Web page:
EU offers Turkey possible $3.4 billion for help in migrant crisis
At a summit in Brussels, EU leaders said they agreed on an "action plan" with Turkish President Tayyip Erdogan to cooperate on improving the lives of Syrian refugees in Turkey.
Burhan Ozbilici/AP Photo
The European Union offered Turkey a possible $3.41 billion in aid and the prospect of easier travel visas and "re-energized" talks on joining the bloc in return for its help stemming the flow of migrants to Europe.
EU leaders at a summit in Brussels said they agreed on an "action plan" with Turkish President Tayyip Erdogan to cooperate on improving the lives of two million Syrian refugees in Turkey and encouraging them to stay put.
They also agreed to coordinate border controls to slow the influx of migrants crossing Turkey from Asia.
Though the plan put no figure on "substantial and concrete new funds" the EU would offer, German Chancellor Angela Merkel said the figure of 3 billion euros, which EU officials said Ankara had requested, had been discussed and seem reasonable.
"Our intensified meetings with Turkish leaders ... in the last couple of weeks were devoted to one goal: stemming the migratory flows that go via Turkey to the EU. The action plan is a major step in this direction," said summit chairman Donald Tusk, expressing "cautious optimism."
In formal conclusions agreed by the 28 national leaders at a meeting that ended after midnight, Turkey was offered an accelerated path to giving its citizens visa-free travel to the EU, provided it met previously agreed conditions.
Progress would also depend on Ankara showing real help in slowing migration and would be reviewed next spring.
Merkel, who will visit Istanbul for talks with Erdogan on Sunday in a political gesture two weeks before a Turkish general election, said it was clear that Europe's efforts to filter and process refugees would not work without Turkey's cooperation.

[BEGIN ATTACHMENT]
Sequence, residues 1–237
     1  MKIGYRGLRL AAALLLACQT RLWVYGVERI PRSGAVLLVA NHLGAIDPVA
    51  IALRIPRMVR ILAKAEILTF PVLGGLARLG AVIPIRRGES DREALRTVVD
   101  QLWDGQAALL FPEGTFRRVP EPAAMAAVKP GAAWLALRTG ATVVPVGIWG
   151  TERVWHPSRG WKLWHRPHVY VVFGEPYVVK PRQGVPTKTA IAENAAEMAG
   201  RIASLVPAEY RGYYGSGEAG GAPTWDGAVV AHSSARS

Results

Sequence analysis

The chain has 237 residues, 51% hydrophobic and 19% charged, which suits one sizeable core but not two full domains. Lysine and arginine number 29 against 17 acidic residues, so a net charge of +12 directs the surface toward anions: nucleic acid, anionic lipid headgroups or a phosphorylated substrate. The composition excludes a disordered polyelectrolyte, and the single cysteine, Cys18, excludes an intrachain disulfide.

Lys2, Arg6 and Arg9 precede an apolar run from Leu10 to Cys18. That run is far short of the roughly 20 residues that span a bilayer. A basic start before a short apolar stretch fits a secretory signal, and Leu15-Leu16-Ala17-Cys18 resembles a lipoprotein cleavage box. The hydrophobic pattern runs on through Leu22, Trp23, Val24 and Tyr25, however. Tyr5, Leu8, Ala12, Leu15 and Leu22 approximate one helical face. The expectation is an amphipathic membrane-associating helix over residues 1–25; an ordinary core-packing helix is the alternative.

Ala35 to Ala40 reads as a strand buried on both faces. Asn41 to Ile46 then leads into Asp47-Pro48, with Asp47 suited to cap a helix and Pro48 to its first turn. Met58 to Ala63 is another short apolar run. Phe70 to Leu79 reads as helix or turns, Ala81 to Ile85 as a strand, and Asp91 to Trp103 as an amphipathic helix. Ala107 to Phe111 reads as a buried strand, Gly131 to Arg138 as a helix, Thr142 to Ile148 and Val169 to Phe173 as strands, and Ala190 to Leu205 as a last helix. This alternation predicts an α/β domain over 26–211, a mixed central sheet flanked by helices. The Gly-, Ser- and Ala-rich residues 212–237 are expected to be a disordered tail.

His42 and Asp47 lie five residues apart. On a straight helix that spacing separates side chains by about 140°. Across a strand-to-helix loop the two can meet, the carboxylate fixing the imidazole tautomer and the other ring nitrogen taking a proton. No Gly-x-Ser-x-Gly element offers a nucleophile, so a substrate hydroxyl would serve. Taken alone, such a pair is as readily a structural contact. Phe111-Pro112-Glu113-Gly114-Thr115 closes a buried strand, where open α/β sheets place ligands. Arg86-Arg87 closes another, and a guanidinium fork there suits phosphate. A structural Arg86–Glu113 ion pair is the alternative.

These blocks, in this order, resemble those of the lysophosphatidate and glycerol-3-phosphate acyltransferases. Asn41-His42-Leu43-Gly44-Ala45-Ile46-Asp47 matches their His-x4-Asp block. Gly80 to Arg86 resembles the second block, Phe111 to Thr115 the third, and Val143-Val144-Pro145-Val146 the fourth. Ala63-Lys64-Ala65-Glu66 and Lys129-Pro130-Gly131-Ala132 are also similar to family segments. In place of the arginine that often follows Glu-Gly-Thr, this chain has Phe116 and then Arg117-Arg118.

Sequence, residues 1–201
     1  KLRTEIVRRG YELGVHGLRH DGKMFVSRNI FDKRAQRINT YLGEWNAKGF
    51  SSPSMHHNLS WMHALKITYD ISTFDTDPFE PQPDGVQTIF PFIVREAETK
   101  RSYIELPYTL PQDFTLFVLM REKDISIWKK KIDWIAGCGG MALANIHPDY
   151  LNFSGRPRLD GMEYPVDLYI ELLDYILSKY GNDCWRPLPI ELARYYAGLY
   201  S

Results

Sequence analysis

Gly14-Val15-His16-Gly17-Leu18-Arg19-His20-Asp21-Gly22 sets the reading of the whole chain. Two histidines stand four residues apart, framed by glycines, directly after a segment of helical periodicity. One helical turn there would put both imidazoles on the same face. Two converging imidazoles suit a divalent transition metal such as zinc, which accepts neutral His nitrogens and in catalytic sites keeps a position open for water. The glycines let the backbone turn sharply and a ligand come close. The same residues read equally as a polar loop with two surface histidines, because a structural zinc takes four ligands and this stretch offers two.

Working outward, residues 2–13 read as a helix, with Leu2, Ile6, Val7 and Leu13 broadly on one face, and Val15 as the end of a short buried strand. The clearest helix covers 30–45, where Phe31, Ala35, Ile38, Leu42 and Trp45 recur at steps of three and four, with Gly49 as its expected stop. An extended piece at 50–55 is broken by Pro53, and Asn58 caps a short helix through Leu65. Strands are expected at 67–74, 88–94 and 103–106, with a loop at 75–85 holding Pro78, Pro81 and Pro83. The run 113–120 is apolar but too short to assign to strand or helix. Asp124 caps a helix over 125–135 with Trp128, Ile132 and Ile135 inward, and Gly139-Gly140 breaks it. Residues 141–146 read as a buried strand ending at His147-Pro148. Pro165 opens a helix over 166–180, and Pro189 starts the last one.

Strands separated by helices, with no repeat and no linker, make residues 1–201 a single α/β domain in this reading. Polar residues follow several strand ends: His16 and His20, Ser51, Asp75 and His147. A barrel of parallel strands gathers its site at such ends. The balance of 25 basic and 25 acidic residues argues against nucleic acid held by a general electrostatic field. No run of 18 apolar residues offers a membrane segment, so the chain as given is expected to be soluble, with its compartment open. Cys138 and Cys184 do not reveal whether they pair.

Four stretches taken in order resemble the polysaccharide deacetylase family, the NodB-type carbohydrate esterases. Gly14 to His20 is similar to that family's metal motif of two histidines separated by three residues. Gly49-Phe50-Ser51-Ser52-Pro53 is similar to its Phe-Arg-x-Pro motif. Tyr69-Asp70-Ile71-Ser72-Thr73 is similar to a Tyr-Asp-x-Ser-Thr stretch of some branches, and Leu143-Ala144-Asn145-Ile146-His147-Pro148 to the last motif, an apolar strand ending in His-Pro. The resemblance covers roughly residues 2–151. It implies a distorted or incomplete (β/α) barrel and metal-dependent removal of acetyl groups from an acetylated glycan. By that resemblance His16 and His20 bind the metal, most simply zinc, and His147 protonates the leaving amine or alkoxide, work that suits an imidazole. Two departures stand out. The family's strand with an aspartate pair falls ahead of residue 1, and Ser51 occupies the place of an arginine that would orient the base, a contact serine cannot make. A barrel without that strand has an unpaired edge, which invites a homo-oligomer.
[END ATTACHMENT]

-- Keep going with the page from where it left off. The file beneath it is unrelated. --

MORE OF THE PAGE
French President Francois Hollande stressed that Turks were not getting visas on easier terms. One condition is that Ankara must first stop granting such easy entry to Pakistanis, Afghans and others who end up heading to Europe.
It must also first sign and implement a previously agreed deal to take back from Europe migrantswho fail to win refugee status. "There must be no misunderstandings," Hollande said.
European governments are wary of granting full visa-free access to 78 million Turks. Any liberalization is likely to be limited at first to business travelers and students.
Leaders also agreed to "re-energize" moribund, decade-old negotiations on Turkey's application for membership of the European bloc, though they left open exactly how to do that.
"The accession process needs to be re-energized with a view to achieving progress in the negotiations in accordance with the negotiating framework and the relevant Council conclusions," they said, in language couched cautiously to reflect concerns in Cyprus and other states about easing off pressure on Ankara.
Earlier, at talks in Ankara with a delegation from the executive European Commission, Turkish ministers had asked the EU to start easing restrictions for some Turks traveling to the EU by the middle of next year, EU officials said.
EU sources said they sought $3.4 billion in new financial aid and the opening of six so-called chapters of the accession process, concerning harmonizing rules in energy, justice and economic and monetary affairs among others.
Turkey was also seeking more high-level political dialog with invitations for Erdogan to summits after an ice-breaking visit he made to Brussels earlier this month.